Building Information Modeling (BIM) is the current standard in architectural design deliverables. There are many programs that can be used to create BIM, the most prevalent in Architecture is Revit by Autodesk. Utilizing BIM for your project layout and design allows the design team, client, and any other interested parties (end user, investor, etc.) to see a three dimensional representation of the project in real time during any stage of the development. This helps to minimize the chances of a change in one area of the drawing, such as moving a door in a plan view, being missed in a corresponding area of the project, such as in the elevations. When an object is moved in one area, it moves in all areas. The benefits of utilizing BIM in your design are many, but it does require a strong knowledge of how buildings are constructed. Without a firm grasp of how to physically construct a building, BIM software is useless as a design tool. The BIM software makes assumptions about how to make connections and construct a building, and needs to be properly guided to construct the building you are trying to design.
One of the more intriguing aspects of using BIM for your building design is its ability to relatively easily create three-dimensional rendered views of your project throughout the design process. When using the Revit program from Autodesk, all portions of a building can be installed in the design, including finishes, lighting, and furniture. Once these objects are input, 3d views can be created using cameras with-in the program. These views can be printed in a variety of states, wireframe, hidden line, or realistic, all of which provide a graphically “cartoon” appearance. To create a photo-realistic rendering of a view there are three options. Revit has a built-in rendering engine that can be used to create renderings from the 3d-views. Online rendering is also available through the Autodesk tab built into the Revit program. Online rendering provides a more photo-realistic rendering, with better lighting properties and is a faster rendering option. When using online rendering, all surface patterns must be present for the rendering to complete correctly. The third option for rendering is to use a third party rendering program, such as 3DS Max from Autodesk, to import the views and create renderings. Using a rendering program like 3DS Max allows the user to control many aspects of the view, such as sun location and intensity, light intensity, surface materials, etc. Rendering with a third party program takes longer than online, because it uses available resources on the rendering PC; whereas, cloud rendering uses a server farm to facilitate faster imaging. All three options provide a clean photo-realistic representation of the images created by the BIM software, and can provide for wonderful presentation material.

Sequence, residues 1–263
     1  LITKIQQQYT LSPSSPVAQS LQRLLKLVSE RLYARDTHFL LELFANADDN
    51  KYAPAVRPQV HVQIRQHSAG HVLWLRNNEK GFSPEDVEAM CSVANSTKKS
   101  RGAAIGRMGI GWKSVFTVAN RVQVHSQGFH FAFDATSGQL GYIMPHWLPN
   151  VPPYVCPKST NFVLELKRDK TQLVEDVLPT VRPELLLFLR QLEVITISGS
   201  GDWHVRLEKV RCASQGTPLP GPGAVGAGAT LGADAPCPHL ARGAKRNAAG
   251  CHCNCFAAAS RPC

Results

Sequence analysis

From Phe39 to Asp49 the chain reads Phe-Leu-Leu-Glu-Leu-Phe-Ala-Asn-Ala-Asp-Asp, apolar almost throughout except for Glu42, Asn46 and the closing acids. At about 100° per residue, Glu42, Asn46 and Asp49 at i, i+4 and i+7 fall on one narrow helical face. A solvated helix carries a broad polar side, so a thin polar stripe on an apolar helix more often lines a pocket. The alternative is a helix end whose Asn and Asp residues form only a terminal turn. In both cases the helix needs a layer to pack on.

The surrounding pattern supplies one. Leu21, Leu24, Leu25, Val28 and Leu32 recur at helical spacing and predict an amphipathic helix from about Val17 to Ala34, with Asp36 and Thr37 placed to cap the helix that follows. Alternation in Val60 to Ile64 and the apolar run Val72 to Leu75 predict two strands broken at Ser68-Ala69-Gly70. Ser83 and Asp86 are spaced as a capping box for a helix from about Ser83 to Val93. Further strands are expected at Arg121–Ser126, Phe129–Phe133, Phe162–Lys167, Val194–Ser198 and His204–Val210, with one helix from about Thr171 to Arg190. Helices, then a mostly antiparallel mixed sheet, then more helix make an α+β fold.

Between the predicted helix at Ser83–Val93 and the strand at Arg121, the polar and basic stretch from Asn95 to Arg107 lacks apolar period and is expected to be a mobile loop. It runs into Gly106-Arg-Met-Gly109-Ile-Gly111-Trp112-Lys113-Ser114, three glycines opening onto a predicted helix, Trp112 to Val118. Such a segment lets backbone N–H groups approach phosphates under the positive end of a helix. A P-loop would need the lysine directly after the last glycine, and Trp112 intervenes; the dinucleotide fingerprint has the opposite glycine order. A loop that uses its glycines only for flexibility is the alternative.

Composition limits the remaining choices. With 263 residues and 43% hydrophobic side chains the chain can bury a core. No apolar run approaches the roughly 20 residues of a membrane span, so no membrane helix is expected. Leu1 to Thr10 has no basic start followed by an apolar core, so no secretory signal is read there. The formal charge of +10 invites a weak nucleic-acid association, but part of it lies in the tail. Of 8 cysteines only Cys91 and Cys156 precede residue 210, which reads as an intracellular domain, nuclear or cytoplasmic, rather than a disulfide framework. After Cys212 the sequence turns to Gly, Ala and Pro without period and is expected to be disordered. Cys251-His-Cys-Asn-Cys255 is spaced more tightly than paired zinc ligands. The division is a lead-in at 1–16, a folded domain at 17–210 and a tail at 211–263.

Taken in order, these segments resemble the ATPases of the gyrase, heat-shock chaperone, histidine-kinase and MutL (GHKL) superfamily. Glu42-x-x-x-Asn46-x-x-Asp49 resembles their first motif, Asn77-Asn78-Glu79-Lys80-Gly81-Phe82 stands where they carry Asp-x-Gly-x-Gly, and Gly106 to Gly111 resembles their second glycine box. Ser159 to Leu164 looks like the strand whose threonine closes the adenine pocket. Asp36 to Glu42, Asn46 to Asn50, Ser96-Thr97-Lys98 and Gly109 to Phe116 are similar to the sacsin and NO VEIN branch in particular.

To summarize, Building Information Modeling technology is a wonderful tool for design and presentation. However, as with all tools of any trade, it is only useful in the hands of a professional. Regardless of how innovative new software is, without the knowledge of how to utilize that software, and the constraints of physical construction, the software is wasted.